Nicolò Carandini

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Nicolò Carandini (born December 6, 1896 in Como , † March 15, 1972 in Rome ) was an Italian politician in the mid-20th century. He was best known as the Italian ambassador to Great Britain between 1944 and 1947. He was also briefly Minister in the first government of Ivanoe Bonomi (July to November 1944) and President of the airline Alitalia from 1948 to 1968.

First political activity

Carandini made his first political experience after the First World War when he was involved in democratic veterans' associations. However, it was not until his marriage to Elena Albertini , the daughter of Luigi Albertini , the long-time director of the daily Corriere della Sera , that Carandini got closer to the circles of liberal-democratic politicians who, during the time of fascism, oriented themselves towards the opposition scholars Benedetto Croce and Luigi Einaudi . In the 1930s he also had friendly contacts with the German ambassador in Rome , Ulrich von Hassell , who was increasingly to profile himself as an opponent of the Hitler regime and was executed in 1944 after Stauffenberg's failed assassination attempt on Hitler .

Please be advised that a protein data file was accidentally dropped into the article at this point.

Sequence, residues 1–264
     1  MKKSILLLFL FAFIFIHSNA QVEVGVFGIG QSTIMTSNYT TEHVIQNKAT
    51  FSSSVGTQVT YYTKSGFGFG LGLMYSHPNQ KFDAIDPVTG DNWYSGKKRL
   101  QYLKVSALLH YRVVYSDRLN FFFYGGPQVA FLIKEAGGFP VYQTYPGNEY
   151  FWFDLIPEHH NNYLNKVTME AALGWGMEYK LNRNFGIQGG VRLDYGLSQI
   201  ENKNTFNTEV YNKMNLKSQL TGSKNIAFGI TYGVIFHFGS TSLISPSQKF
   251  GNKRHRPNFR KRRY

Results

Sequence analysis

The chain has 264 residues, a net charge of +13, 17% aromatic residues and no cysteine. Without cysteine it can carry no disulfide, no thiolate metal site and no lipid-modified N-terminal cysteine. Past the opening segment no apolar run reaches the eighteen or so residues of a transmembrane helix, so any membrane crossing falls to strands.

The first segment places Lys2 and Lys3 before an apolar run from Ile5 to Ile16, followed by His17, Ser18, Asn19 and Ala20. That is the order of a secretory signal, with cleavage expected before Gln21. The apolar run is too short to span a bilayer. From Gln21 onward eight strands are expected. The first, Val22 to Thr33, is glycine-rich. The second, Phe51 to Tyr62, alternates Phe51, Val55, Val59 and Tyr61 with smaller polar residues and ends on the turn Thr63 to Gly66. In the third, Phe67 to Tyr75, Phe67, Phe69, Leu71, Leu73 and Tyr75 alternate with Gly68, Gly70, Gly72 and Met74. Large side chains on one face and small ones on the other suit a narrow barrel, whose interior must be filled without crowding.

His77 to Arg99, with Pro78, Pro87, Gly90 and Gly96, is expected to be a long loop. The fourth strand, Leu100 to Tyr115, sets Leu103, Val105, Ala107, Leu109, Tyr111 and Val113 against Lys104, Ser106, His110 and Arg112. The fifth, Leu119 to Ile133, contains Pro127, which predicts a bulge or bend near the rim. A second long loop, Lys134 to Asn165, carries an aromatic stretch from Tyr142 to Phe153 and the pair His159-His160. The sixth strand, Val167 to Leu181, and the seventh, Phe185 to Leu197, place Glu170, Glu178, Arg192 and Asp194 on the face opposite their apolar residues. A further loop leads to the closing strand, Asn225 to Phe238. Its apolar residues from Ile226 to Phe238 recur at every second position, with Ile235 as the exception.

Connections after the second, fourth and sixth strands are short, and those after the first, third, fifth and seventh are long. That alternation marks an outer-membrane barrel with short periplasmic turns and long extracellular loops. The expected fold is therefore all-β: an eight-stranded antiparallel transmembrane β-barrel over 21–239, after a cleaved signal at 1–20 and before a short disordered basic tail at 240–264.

During the time of fascism, Carandini made a name for himself above all by building up the Torre in Pietra estate near Rome, which he made into a model agricultural operation in Italy until the Second World War . On numerous trips abroad, especially to Great Britain and the United States , he was able to make many contacts with the local political establishment , which would later be of great use to him in his role as ambassador.

In the anti-fascist resistance

The circles of the democratic opposition to Mussolini had been working increasingly on overturning plans since 1942, when the Italian armed forces were in dire straits on all fronts, and Carandini was also increasingly involved in these activities. However, he was reluctant to join the Partito d'Azione , which liberal, democratic and socialist opposition members founded underground in the summer of 1942, as his mentor Croce was skeptical of the initiative. In May 1943, Carandini then took the initiative in Rome to draft and distribute leaflets in which, under the name Movimento Liberale Italiano (Liberal Movement of Italy), a kind of program of a new liberalism, purified by the lessons of dictatorship and war, was to be propagated. When the fascist Grand Council actually overthrew Mussolini on July 25th, a core group of younger liberals around Carandini (including Leone Cattani , Mario Pannunzio , Franco Libonati , Giambattista Rizzo , Mario Ferrara and others) were ready to join a new Liberal Party To call life. This took place against initial resistance from Croce in August (an exact date of foundation is not known, but August 9th seems most likely).